CSC 207 | Algorithms and Object Oriented Design | Spring 2011 |
Summary: In this lab, you will implement a specialized in-order traversal in order to produce a graph of a tree.
mkdir somewhere/tree
cd somewhere/tree
cp ~weinman/public_html/courses/CSC207/2011S/labs/code/tree/TreeGrapher.java . cp ~weinman/public_html/courses/CSC207/2011S/labs/code/tree/BinaryTree.java . cp ~weinman/public_html/courses/CSC207/2011S/labs/code/tree/BinaryNode.java .This should place a graphics class and two modified data structure classes into your directory.
A graphical version of a binary tree can be generated automatically with a relatively simply program by assigning an x,y coordinate to each node. We can then draw a circle at each node's coordinate, and connect each non-root node to its parent with a line between their coordinates. So where do these coordinates come from?
We want the left-most node to have the smallest x-coordinate (0), and the right-most node to have the largest (N - 1, where N is the number of nodes in the tree). The parent of the left-most node should be immediately to the right of it, suggesting an x-coordinate of 1. Continuing in this fashion, we see that the x-coordinate should be the number corresponding to the node's "index" in an in-order traversal.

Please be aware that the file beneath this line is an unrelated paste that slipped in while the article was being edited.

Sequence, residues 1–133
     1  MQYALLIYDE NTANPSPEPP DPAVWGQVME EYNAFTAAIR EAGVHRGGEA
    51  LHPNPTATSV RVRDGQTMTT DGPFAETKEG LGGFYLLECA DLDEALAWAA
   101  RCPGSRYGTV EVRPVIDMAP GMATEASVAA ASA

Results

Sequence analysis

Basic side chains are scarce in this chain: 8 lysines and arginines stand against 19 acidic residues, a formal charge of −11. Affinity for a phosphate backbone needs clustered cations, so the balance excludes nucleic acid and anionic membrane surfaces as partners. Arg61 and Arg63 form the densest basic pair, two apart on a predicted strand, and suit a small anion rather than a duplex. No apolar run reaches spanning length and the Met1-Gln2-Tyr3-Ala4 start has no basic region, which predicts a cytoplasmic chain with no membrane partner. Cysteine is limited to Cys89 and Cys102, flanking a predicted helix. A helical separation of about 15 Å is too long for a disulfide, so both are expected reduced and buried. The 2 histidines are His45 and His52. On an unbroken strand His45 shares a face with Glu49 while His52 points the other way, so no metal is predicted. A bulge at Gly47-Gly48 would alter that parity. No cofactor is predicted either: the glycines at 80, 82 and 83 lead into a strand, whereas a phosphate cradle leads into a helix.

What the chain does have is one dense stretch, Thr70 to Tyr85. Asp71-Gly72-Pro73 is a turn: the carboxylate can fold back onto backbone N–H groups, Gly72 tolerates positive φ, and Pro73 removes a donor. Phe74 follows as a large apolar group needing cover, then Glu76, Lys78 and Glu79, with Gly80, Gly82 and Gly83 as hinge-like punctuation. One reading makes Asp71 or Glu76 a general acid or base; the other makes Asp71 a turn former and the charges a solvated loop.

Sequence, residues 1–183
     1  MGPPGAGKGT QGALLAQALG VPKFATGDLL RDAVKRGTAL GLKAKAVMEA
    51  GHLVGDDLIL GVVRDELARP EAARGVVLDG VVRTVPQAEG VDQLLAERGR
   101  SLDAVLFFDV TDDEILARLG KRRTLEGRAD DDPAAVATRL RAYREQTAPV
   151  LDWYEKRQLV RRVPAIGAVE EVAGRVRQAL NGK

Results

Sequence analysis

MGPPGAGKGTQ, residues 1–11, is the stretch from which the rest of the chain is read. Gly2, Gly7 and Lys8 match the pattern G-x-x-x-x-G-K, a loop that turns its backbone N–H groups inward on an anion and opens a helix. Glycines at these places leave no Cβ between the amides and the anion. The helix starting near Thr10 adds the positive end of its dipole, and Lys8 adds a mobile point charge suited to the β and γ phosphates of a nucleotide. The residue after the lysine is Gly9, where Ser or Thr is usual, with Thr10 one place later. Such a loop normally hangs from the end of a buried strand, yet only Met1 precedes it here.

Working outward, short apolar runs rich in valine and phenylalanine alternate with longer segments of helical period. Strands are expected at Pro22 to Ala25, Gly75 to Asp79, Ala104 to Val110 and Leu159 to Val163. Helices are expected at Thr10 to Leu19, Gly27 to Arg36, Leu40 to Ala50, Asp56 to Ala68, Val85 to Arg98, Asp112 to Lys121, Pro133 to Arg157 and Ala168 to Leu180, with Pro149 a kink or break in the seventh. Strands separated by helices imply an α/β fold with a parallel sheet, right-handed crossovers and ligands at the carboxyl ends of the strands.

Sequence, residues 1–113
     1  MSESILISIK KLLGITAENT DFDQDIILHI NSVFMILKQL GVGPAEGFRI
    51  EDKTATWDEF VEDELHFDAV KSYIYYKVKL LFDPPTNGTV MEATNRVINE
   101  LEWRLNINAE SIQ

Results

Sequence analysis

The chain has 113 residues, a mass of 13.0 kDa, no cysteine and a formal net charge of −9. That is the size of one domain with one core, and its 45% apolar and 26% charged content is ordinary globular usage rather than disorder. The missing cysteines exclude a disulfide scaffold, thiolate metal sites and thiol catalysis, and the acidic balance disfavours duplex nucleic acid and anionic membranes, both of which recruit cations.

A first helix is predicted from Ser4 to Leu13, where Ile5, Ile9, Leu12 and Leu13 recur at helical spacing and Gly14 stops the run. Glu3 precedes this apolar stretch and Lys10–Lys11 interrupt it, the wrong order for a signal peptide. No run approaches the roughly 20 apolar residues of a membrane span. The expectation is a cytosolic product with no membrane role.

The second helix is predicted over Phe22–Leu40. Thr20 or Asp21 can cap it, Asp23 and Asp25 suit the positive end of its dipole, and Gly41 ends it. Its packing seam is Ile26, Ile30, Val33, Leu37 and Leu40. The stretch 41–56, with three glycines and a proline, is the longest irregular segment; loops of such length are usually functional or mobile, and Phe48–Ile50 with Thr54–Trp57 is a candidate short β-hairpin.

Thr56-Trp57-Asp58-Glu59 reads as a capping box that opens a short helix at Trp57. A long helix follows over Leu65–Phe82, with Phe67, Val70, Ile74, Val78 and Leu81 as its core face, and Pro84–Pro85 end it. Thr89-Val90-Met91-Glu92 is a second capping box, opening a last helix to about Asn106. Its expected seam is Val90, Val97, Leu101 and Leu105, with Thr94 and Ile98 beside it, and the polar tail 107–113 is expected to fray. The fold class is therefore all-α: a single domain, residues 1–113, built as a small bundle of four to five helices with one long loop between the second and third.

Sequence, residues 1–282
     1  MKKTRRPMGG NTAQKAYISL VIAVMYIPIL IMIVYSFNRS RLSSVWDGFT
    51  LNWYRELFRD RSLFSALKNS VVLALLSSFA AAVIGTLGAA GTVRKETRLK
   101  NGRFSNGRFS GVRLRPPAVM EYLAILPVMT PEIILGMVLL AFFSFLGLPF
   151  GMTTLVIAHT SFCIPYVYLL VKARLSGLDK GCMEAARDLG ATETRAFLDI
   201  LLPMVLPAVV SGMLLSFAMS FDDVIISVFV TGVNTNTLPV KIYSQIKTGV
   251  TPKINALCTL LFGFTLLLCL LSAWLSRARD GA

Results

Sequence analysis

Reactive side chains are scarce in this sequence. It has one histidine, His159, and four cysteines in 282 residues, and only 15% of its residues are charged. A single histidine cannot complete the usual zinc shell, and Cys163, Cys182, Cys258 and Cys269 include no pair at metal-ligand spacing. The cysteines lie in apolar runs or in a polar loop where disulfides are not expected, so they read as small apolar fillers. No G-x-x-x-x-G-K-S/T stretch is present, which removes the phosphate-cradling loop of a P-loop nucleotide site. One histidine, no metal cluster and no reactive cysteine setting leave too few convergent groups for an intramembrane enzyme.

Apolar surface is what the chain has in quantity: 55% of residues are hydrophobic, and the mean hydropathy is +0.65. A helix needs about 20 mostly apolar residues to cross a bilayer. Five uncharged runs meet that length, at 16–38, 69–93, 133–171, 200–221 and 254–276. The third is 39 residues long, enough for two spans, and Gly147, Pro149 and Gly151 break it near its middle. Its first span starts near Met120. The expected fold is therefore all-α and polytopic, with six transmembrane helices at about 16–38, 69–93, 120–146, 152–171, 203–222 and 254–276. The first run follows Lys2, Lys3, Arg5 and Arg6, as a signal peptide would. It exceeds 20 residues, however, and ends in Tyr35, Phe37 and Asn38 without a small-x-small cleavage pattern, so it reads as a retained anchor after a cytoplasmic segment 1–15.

In most graphics coordinate systems, the origin is in the upper-left corner of the frame. Thus, 0 is the top, and H, the height of the tree, should be at the bottom. What should the root's y-coordinate be? If the root is at the top, presumably its y-coordinate is zero. What about the root's children? Their y-coordinate should be 1. What is the y-coordinate of an arbitrary node? Its depth in the tree.
In this lab, some drawing primitives will be provided for you. Your task will be to calculate the coordinates of a node by writing recursive routines to find the depth and in-order traversal number of every node. With these, you will use the drawing commands provided to add circles and lines to a graph for displaying the tree.